Major Gregory "Pappy" Boyington (December 4, 1912 - January 11, 1988) was a fighter ace of the US Army Air Corps in World War II.
Boyington, who was born in Coeur d'Alene, Idaho, flew with the American Volunteer Group (the "Flying Tigers") before the entry of the United States into the war. He is unofficially credited with 6 victories from this period.
Boyington is best known for his exploits in the Pacific theatre, flying the Vought F4U Corsair. He commanded the U.S. Marine Corps Corsair squadron VMF-214, better known by its nickname, the "Black Sheep". He amassed a further 20 victories before being shot down by Japanese aircraft on January 3, 1944. He spent the rest of the war in a Japanese prison camp.
Upon returning home, he received the Medal of Honor.
Boyington was a tough, hard-living character who was known for being unorthodox. He was also an alcoholic, which plagued him in the years after the war, and contributed to multiple divorces.
Many people know him from the 1970s television show Baa Baa Black Sheep, a drama about the Black Sheep squadron based very loosely on Boyington's memoir of the same name. Like Chuck Yeager on The Right Stuff, Pappy had a short walk-on role as a visiting General during the second season of the show.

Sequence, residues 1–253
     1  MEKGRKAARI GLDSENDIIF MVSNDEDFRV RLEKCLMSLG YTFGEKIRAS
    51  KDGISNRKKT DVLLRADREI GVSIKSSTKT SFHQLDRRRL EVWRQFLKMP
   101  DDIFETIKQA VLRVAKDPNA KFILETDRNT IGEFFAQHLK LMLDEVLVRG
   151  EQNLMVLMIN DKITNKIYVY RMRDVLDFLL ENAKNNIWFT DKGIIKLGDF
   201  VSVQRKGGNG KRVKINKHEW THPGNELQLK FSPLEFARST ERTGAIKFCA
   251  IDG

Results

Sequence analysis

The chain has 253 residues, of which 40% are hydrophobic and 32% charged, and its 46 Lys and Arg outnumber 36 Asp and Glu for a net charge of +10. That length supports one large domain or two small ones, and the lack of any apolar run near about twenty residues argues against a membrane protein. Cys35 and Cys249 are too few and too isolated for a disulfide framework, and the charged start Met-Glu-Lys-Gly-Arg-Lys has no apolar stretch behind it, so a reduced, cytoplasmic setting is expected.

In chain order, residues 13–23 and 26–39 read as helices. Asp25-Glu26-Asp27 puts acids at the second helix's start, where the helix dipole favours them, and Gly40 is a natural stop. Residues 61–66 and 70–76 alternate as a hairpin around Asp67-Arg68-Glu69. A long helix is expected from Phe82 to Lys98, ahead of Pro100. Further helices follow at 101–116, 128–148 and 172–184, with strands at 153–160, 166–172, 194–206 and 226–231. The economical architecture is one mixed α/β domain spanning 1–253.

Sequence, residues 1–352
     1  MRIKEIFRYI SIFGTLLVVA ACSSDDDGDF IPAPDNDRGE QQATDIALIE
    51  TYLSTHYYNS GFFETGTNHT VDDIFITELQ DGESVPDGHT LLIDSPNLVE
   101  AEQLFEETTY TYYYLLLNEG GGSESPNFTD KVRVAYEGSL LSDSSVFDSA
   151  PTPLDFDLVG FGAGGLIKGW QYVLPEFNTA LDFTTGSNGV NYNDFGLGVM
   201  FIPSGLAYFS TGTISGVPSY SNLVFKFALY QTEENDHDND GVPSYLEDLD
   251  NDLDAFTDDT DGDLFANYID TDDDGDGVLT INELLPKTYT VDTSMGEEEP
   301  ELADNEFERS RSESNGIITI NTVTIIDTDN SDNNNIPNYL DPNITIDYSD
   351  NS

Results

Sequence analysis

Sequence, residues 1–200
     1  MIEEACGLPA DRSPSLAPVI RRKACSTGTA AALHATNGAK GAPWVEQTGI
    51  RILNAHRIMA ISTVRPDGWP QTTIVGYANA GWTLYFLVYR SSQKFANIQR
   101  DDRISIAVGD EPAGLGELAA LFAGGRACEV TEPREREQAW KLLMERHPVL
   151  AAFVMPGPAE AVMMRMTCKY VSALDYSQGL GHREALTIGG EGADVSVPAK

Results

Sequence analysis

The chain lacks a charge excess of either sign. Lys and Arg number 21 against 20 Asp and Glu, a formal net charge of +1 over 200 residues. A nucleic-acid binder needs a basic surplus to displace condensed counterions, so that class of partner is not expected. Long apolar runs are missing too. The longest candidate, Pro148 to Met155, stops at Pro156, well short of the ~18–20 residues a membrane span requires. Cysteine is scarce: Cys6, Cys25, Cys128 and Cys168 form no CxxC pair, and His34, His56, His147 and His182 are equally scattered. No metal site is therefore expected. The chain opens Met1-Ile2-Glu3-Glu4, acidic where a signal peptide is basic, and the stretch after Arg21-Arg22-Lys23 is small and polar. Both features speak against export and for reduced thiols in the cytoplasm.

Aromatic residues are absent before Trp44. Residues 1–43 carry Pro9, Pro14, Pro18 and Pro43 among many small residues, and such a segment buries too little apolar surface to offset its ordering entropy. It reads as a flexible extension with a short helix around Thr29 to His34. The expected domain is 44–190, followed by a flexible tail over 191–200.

While artist depictions and publicity photos often show Boyington with aircraft number 86 ("Ma Belle") covered in victory flags, this was not his combat aircraft. In fact, he rarely flew the same aircraft more than a few times. It has been said that he would choose the F4U in the worst shape, so none of his pilots would be afraid of flying their own aircraft.
AVG Victory Claims
There is some controvery surrounding Major Boyington's AVG victory claims. His official CAMCO bonus account only accumulated 3.5 bonus claims (for enemy aircraft destroyed), of which only 2 were confirmed air to air victories.
According to Bruce Gamble, Boyington felt that the board that officially credited him with kills overlooked claims from a raid in Chiang Mai.
Here is how Boyington probably calculated his score:
Confirmed air to air victories: 2 (this is what the US military officially acknowledges normally)
Chiang Mai Raid: 3.75 (15 shooters destroyed divided by 4 shooters)
He then rounded it up to 6, and convinced the Corps to officially acknowledge it. This was probably good for the Corps' image during the final days of the tour as Boyington neared the record of 26 victories held by Joe Foss and Eddie Rickenbacker. He ultimately tied the record on the same mission in which he was shot down.
Boyington insisted on the term "victories" rather than "kills", and was known to lose his temper over the issue.